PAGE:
Ron Miles, cornetist who imbued modern jazz with heart and soul, dies at 58


Cornetist, composer and bandleader Ron Miles has combined a quintessentially American harmonic palette with a frank emotional clarity rare in modern jazz.

Johnathan Chimene / WBGO

Ron Miles, a cornetist, composer and bandleader who stood quietly in the forefront of jazz artists of this century, died Tuesday at his home in Denver. He was 58 years old.

The cause was complications from polycythemia vera, a rare blood disease, Hans Wendl, its longtime manager, told NPR.

Miles sounded warm and perfectly centered on the horn, with barely a trace of fierceness or flash. Through his playing, he could create the feeling of something both robust and precious – especially in the context of his own compositions, which combined a quintessentially American harmonic palette with a frank emotional clarity rare in modern jazz.

“If you played a Ron Miles song correctly, in the best of moods, you’d be crying,” pianist Jason Moran told NPR. “Because the songs were full. I liken that to how John Coltrane composed ‘Lonnie’s Lament’. He knew how to find the joy in a melody, and he knew where the heart was. Even just when playing them , it would rush at you. A lot of the music we play doesn’t have that, it just doesn’t.”

This soft yet confident musical temperament made Miles an ideal collaborator for guitarist Bill Frisell, in an association spanning nearly three decades, and drummer Brian Blade, in a range of combo settings. Miles fronted a trio with Frisell and Blade for several years, achieving a delightfully balanced pair of albums. Miles and Blade also made up half of Still Dreaming, joining saxophonist Joshua Redman and bassist Scott Colley in a free-spirited tribute to the band Old and New Dreams, which featured Redman’s father, Dewey Redman.

Miles can be heard on a handful of Frisell albums, dating all the way back to Quartet in 1996; on two albums by pianist Myra Melford’s avant-garde chamber group Snowy Egret, including the remarkable The other side of the air; and on a succession of albums by tenor saxophonist Fred Hess, a colleague in Denver until his death in 2018. Among Miles’ other longtime affiliations was one with Chicago bluesman-turned-Denver Otis Taylor, with whom he started recording in the early 2000s.

On his own most recent releases – I am a man in 2017 and rainbow sign in 2020, each enjoying considerable success – Miles formed a quintet with Frisell, Moran and Blade alongside bassist Thomas Morgan. In the fall of 2021, they became the first band to play live at the Village Vanguard after an 18-month pandemic shutdown. The sound of the band in this room, under these circumstances, felt like a harbinger of restoration and renewal.

Ronald Glen Miles was born in Indianapolis, Indiana on May 9, 1963 to Fay Downey Miles and Jane Miles. He moved to Denver when he was 11, in part because his parents suspected the mountain climate would help soothe his asthma. In Denver, where both of his parents became federal employees, he picked up his first trumpet at a summer music program; his main musical influences at the time were not jazz artists but rather people like the Bee Gees and the Jackson 5.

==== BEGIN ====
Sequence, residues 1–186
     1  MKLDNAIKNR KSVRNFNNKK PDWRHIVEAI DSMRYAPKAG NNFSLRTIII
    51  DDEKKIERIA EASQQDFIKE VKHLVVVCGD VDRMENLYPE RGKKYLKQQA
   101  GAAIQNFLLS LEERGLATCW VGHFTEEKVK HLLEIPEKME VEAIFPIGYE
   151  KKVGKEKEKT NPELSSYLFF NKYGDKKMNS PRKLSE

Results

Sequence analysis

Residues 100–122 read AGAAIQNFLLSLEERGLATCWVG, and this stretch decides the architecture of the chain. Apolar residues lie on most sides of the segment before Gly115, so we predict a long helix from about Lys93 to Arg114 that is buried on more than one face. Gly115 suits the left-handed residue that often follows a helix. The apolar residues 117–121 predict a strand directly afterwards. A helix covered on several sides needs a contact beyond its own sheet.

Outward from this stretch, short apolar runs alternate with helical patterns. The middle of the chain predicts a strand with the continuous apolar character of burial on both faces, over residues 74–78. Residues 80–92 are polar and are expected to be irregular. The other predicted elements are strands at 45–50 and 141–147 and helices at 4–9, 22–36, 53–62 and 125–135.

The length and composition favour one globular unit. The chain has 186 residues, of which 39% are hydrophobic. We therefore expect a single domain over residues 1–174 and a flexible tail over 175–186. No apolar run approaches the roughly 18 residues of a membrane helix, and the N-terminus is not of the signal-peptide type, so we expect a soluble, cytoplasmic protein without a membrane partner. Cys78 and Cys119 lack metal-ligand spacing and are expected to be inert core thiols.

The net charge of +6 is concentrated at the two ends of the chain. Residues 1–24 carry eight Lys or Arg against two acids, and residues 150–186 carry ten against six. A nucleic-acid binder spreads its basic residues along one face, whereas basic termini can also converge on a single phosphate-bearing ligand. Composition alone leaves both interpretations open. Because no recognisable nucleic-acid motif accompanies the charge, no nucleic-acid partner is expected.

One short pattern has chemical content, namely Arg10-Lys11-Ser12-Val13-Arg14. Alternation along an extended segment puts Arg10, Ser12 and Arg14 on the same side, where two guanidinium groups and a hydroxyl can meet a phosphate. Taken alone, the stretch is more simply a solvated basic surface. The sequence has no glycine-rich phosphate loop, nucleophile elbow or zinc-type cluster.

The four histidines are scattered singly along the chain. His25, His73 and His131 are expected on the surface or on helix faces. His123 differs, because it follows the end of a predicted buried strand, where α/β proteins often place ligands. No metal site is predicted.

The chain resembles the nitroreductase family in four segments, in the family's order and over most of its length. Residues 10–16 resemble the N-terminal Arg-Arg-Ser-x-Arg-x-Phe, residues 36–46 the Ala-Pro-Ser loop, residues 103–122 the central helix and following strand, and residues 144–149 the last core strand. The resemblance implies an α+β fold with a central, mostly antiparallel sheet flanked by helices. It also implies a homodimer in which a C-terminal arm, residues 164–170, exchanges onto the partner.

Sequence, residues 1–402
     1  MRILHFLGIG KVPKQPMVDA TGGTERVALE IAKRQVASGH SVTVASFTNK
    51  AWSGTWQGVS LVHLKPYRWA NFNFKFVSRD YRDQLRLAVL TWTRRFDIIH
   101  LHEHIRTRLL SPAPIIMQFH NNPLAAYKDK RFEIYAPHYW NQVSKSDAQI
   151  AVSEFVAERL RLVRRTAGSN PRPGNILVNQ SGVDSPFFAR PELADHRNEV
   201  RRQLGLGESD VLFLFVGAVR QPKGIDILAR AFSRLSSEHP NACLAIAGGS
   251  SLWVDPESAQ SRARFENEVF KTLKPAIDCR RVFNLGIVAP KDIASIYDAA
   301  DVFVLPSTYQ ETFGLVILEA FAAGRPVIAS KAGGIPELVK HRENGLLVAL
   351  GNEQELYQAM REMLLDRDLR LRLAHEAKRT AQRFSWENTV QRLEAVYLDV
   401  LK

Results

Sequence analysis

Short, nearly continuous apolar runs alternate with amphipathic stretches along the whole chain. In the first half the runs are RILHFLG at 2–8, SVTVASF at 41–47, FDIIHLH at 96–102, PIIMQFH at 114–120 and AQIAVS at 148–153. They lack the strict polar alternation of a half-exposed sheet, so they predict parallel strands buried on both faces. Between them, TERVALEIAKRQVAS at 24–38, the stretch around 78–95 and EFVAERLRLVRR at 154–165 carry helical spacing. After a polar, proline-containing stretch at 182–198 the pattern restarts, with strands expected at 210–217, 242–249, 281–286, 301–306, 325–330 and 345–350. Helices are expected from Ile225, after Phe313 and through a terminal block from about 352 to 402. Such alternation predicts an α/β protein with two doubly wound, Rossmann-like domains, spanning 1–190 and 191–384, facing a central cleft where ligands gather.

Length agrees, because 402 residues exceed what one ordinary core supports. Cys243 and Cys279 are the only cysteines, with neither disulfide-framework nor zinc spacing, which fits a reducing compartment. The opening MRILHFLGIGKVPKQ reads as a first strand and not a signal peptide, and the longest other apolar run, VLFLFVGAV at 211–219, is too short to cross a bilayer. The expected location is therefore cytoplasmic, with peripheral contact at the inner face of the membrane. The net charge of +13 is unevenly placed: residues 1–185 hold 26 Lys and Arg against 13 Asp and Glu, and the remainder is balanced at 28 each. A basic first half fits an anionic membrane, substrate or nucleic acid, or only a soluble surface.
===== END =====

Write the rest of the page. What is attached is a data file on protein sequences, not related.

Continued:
Jazz became a more serious concern for Miles at East High School in Denver, where Frisell had preceded him by a dozen years. He then studied music first at the University of Colorado in Boulder, Colorado, then at the Manhattan School of Music, before returning to Denver, where he began teaching and became an anchor in the music industry. local scene. His career in music education culminated in an appointment as Director of Jazz Studies at Metropolitan State University in Denver.

Miles’ entrenched presence in Denver, far from the hub of the jazz industry in New York, surely had a slowing effect on his solo career, deepening his aversion to self-promotion. But over the past 20 years, and especially over the past decade, it has gained indisputable notoriety. I am a man was included in NPR Music’s Top 50 Albums of 2017, and rainbow sign made the Top 10 of the NPR Music Jazz Critics 2020 poll.

Among his collaborators, including Moran and guitarist Mary Halvorson, Miles was renowned for his consistency. “Its sound is so beautiful that it’s easy to forget the power it contains,” observes Frisell in Michelle Mercer’s liner notes for I am a man. “There’s just this incredible power and clarity in what he does. It comes from within, from the center where everything comes from. When I play with him, it’s really easy to pick up his sound or to lean on it – and because it can be flexible, I can even move around in it.”

In the same liner notes, Miles reflects on the primary motivation for his music. “Love fuels my work the most,” he says. “My love for my fellow musicians. My love for my audience. My love for the tradition of which I am a part.”

This sentiment manifests itself throughout Miles’ recorded career, not least on his 1989 album. Witness that on rainbow sign. (Among his many beautifully crafted compositions are a radiant waltz titled “Unconditional” and a country blues song titled “Just Married.”) The generosity of spirit that Miles brought to the practice of music-making is plainly evident in the results. , who came about by careful intention. “I just wanted to be a musician that other musicians wanted to play with, and that was it, not be a star,” he told Ian Patterson about all about jazz in 2020. “Just when I was playing with other musicians the music sounded better. That’s the biggest compliment.”

Miles had planned to perform at the 2022 Big Ears Festival in Knoxville, Tennessee later this month, until his health issues led him to cancel. The other members of his quintet will now perform in his honor. “We always intended to play something for Ron,” says Moran. “So we’ll keep doing it, and it’s going to be very heavy.”

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